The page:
Out of the blue, Fe Zamora texted me last Sunday.
Philippine Daily Inquirer editor-in-chief Letty Jimenez-Magsanoc wanted me to write a piece on the Marcoses. Could I make the tight deadline?
Sure, I said. Because it was a chance to share with the non-digital audience my research and interviews on the Marcos era.
She also asked that the piece be confined strictly on the Marcoses, not on the cronies.
The result was a 2,487-word piece that appeared today in the newspaper edition and on the Inquirer website.
Because the print edition is very tight on space, portions had to be edited. However, the digital edition retains the piece.
At the end of the piece, I pointed out that the Supreme Court has remained silent about its dark history during the dictatorship. Here below is my proof. I downloaded on February 2012 this “history” of the Supreme Court from its website. This has since been pulled out of the website and there is no more “history” to speak of. As of today, October 1.
The Marcoses never really left home
By Raissa Robles
When the Marcoses fled Malacañang in 1986, many Filipinos heaved a sigh of relief, thinking they were gone for good.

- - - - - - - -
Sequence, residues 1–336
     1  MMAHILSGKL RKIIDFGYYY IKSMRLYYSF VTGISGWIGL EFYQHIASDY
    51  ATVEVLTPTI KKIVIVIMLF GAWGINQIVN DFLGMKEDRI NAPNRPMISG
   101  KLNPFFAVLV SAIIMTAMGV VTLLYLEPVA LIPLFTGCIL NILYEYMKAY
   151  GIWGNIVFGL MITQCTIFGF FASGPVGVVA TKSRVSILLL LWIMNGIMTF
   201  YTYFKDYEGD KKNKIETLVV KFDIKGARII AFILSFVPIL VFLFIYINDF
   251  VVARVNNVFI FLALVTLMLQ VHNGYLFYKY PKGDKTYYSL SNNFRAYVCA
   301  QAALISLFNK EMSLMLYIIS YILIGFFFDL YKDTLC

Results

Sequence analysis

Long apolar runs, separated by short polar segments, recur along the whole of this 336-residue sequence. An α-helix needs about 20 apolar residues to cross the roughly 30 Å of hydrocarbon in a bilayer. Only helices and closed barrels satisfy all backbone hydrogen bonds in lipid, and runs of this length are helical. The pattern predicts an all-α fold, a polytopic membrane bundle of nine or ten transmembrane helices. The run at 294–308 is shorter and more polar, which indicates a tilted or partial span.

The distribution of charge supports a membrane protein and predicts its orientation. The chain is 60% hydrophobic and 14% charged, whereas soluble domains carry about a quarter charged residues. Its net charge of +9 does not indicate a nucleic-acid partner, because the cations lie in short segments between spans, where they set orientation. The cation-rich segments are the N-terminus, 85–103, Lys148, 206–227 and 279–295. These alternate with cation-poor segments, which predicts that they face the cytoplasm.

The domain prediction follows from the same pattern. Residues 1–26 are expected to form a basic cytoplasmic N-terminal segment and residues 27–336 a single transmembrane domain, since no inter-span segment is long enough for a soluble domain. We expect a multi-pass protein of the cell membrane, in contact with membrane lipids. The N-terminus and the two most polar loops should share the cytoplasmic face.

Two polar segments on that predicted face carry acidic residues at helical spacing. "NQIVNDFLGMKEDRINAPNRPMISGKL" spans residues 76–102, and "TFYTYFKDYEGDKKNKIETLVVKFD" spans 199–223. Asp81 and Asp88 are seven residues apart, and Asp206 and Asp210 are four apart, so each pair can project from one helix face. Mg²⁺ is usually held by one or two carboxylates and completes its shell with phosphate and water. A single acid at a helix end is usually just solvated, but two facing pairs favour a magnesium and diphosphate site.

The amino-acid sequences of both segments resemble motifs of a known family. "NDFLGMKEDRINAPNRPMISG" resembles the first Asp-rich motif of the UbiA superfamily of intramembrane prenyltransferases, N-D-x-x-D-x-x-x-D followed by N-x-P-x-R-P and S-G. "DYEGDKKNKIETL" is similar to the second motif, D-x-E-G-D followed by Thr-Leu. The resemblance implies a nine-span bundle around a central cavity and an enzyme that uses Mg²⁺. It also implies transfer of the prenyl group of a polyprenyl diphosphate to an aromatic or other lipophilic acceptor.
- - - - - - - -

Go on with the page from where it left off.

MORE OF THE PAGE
Now 28 years later, the Marcoses are parked at the very doorstep of Malacañang, with the dictator Ferdinand Marcos’ only son and namesake being groomed to retake the Palace come 2016.
Ferdinand Jr. (Bongbong) is a senator eyeing the presidency; his sister Imelda Jr. (Imee) is governor of their northern stronghold; their mother Imelda is a congresswoman; and their late dictator-dad turned into a saintly-looking icon like the dead Pope that is miraculously preserved inside St. Peter’s Cathedral in the Vatican.
Religious cults like the Alpha-Omega have sprung to await Marcos’ resurrection. As cult member Teresita Maglahus said in 1993: “We are waiting for a miracle in the Philippines, the new Jerusalem. It will be revealed to our countrymen and other nations that … President Marcos is God.”
How do you account for such a stunning reversal from ill fortune?
They never really left.
Political roots intact
The 1986 People Power Revolution did chop down the Marcos political tree. But its intricate roots that spread far and wide across the state bureaucracy and Philippine society remained intact. All the Marcoses had to do was nurture the roots and wait for the tree to grow back.
In 1998, by Imee Marcos’ own reckoning, “we waited 12 years to be on the right side of the fence.” Right side meant a political alliance with then victorious President-elect Joseph Estrada, velvet seats in Congress for Imee and her mother, and a governorship for Bongbong.
An ecstatic Imee spilled the family’s secret to success: “Many professionals were appointed by my father. So you have this immense bedrock of Marcos appointees who keep moving up.”
Like secret stay-behind units, this vast army of professionals scattered in all sectors of society have defended the Marcoses and helped erase the dark legacy of their regime.
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